Daft Punk, Random Access Memories (Columbia) * * * 1/2
French dance duo Daft Punk — Thomas Bangalter and Guy-Manuel de Homem-Christo —have done more to propel futuristic electronic dance music (EDM) onto festival stages than any other act since the release of 1997’s Homework. Now, the pair, having exhausted EDM’s possibilities and critical of its current sound, point to EDM’s future by looking to the past on their first studio set in eight years.
On the ambitious, vaguely conceptual Random Access Memories, arguably the year’s most anticipated pop album, Daft Punk eschew the digital coldness of machine-made music by recording nearly the entire 70-minute set with top-shelf studio musicians like drummers Omar Hakim (Dire Straits) and Quincy Jones’ go-to beat meister, John “JR” Robinson. Chic guitarist Nile Rodgers still nails the scratching, syncopated riffs that made Le Freak an inescapable disco hit 35 years ago on his two funky contributions, Get Lucky and Lose Yourself to Dance which also feature input from Pharrell Williams.
Giorgio Moroder, the musical mastermind behind Donna Summer in the 1970s, gets a whole nine-minute track of his own and it’s a masterstroke. Giorgio by Moroder, a documentary in song , shouldn’t work. For its first few minutes, Moroder simply talks interview-style about the evolution of his music — and disco itself — atop a loping bass line tempo. The Italian producer lectures about his early years in Germany and his creation of an album that sounds very much like Summer’s 1977 opus, I Remember Yesterday.
“I wanted to do an album with the sounds of the ’50s, the sounds of the ’60s, the sounds of the ’70s and a sound of the future. I know the synthesizer. Why don’t I use the synthesizer which is the sound of the future? I didn’t have any idea what to do so we put a click track on a 24-track, which was synced to a Moog module. I knew that could be the sound of the future but I didn’t realize the impact it would be.”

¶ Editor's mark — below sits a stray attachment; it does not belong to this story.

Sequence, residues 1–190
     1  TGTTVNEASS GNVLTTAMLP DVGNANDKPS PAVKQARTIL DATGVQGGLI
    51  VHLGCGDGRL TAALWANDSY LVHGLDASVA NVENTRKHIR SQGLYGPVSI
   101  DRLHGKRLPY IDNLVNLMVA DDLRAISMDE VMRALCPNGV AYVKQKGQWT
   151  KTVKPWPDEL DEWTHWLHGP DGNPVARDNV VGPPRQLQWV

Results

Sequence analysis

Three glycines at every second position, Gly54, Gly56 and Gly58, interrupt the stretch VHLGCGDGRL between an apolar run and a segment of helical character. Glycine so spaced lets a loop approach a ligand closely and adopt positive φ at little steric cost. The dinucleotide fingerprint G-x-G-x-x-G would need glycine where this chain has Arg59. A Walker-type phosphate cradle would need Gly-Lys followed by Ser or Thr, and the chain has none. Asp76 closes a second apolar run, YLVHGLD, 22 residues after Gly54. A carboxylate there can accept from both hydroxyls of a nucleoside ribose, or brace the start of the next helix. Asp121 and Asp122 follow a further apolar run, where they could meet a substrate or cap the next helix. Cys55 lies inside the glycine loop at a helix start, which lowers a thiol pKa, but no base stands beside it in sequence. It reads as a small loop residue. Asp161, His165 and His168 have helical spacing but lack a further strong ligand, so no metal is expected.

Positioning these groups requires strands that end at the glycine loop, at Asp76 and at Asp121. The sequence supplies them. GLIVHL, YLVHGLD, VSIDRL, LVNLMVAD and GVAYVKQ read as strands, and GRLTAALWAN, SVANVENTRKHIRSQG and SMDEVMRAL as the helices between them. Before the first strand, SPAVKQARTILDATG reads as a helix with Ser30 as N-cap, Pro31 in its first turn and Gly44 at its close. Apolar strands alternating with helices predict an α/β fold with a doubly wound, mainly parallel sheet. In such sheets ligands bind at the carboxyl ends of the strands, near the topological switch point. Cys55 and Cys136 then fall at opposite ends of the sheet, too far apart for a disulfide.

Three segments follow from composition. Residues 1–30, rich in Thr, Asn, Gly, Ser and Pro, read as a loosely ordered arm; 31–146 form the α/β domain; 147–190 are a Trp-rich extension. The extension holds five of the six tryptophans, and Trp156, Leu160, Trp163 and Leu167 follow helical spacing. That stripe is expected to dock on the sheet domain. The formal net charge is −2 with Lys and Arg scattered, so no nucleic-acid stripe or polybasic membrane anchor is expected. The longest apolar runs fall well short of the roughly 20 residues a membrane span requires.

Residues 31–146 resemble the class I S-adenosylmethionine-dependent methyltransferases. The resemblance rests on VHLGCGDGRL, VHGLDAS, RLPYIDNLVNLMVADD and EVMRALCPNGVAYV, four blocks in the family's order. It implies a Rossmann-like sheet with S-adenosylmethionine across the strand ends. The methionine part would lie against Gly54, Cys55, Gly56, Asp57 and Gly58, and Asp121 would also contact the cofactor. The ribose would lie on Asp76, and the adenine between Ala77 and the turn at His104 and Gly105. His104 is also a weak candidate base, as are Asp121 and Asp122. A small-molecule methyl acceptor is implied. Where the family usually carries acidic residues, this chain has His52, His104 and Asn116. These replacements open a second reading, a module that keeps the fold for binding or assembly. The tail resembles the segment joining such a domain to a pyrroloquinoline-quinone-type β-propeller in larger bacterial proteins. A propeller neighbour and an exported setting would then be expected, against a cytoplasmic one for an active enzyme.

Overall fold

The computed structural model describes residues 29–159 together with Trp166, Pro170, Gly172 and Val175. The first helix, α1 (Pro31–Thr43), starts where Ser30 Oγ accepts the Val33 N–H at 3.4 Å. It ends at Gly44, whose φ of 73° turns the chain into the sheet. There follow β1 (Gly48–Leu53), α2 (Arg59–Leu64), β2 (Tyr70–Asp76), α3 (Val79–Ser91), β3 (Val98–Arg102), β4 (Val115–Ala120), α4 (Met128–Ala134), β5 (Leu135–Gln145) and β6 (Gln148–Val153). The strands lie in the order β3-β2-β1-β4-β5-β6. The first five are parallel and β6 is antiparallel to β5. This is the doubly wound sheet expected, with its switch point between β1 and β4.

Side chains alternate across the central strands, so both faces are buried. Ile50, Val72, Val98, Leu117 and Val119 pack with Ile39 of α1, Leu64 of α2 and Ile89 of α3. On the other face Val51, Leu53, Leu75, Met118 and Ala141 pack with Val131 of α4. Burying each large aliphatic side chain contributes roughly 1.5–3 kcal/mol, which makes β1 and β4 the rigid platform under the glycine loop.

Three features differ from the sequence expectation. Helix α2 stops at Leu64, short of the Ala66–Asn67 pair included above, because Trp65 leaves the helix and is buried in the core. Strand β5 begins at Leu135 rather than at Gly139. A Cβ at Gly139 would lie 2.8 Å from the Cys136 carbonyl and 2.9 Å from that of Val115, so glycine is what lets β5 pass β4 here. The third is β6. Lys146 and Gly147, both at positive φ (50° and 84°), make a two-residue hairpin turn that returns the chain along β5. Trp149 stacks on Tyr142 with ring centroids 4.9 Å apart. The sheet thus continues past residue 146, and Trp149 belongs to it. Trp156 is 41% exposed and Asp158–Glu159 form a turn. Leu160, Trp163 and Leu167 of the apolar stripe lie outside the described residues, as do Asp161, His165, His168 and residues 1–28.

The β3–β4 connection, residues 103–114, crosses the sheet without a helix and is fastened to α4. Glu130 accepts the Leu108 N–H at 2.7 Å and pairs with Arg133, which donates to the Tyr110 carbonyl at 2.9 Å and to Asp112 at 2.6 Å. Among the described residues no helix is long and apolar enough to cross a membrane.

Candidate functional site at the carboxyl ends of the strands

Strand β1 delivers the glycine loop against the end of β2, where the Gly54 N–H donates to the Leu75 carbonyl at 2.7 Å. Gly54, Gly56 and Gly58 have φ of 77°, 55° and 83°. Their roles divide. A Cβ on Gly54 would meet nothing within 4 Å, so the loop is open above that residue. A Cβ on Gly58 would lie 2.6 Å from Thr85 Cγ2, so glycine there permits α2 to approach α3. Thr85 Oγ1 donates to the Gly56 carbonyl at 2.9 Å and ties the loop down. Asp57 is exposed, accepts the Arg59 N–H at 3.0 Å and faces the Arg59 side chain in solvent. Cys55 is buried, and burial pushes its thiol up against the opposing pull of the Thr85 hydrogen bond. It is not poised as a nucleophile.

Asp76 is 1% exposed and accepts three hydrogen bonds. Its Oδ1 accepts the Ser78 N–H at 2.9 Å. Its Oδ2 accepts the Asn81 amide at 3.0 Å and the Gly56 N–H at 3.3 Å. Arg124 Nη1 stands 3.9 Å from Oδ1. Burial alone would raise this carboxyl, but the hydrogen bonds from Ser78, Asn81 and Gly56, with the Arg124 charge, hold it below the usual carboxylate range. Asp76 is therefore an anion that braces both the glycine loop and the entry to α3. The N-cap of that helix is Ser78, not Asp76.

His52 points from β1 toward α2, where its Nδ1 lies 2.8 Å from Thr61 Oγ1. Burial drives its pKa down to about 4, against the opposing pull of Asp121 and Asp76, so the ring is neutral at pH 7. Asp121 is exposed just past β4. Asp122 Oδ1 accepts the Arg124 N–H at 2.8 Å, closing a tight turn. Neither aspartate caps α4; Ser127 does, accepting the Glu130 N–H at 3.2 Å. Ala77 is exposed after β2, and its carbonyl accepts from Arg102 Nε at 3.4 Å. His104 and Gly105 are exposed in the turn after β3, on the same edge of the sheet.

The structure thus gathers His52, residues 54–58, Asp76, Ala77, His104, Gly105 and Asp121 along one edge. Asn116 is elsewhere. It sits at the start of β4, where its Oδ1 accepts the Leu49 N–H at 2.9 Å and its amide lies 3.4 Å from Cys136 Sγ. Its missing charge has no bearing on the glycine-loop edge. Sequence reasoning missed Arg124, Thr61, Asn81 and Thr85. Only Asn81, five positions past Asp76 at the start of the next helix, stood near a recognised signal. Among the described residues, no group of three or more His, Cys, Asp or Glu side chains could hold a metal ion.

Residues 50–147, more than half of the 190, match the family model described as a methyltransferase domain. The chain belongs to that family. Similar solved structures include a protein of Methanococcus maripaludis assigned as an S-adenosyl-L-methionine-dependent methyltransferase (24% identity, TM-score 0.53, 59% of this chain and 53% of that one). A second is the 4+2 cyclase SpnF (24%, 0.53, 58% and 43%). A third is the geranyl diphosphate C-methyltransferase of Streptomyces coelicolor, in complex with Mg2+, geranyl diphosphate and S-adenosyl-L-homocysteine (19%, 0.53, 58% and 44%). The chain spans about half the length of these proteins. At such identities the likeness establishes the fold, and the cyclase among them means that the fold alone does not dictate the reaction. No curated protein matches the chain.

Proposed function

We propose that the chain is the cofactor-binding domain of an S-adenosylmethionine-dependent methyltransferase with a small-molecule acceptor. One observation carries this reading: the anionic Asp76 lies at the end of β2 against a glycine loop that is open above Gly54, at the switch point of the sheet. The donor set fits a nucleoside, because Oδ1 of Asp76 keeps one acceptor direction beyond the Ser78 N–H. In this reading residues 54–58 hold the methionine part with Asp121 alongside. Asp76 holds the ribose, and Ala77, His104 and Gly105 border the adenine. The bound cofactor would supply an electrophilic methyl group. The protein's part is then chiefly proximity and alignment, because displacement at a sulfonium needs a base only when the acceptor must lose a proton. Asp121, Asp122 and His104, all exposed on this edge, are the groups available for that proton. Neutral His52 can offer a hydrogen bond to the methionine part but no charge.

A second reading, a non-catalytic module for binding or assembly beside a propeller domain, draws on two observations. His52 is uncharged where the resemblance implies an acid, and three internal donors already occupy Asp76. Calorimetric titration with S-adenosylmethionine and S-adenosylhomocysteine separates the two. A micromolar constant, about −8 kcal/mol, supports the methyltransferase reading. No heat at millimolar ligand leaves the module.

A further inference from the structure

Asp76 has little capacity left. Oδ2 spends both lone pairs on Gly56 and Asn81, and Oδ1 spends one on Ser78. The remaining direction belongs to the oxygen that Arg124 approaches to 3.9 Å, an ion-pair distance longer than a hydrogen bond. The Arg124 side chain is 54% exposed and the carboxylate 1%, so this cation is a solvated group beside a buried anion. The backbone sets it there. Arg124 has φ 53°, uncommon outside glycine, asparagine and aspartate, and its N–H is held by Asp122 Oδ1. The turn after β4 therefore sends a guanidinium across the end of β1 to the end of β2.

Interesting chatter for pop culture junkies, but how often would one want to listen to a producer’s narration? But, ingeniously, the music takes over, evoking the decades Moroder discusses, and morphs into a hypnotic disco groove and swirls headlong into 21st century club dynamics replete with a string quartet and guitar solo. Each play reveals new dimensions.
Daft Punk even manage to lure ’70s easy listening songwriter/actor Paul Williams ( Evergreen, The Rainbow Connection) onto the dance floor for Touch, a truly odd, shape-shifting, eight-minute epic. Williams portrays a robot who seeks humanity — much in keeping with the album’s central theme.
Along the way, Random Access Memories offers bits of melancholia on The Game of Love, a ballad that uses dance to offer a brief respite from daily disappointments. Fragments of Time is a slice of sunny California pop/rock, of all things, and the sci-fi courting Contact brings this giddy, indulgent, affecting album to a prog-rock-flavored close.
Dance music’s The Dark Side of the Moon meets Sgt. Pepper’s Lonely Hearts Club Band is a revelation — a full-fledged album in a singles market that will have you studying its painstakingly detailed analog grooves at the gym, on the dance floor and on the home stereo all the way through awards season.
Download: Giorgio by Moroder, Touch, Fragments of Time.
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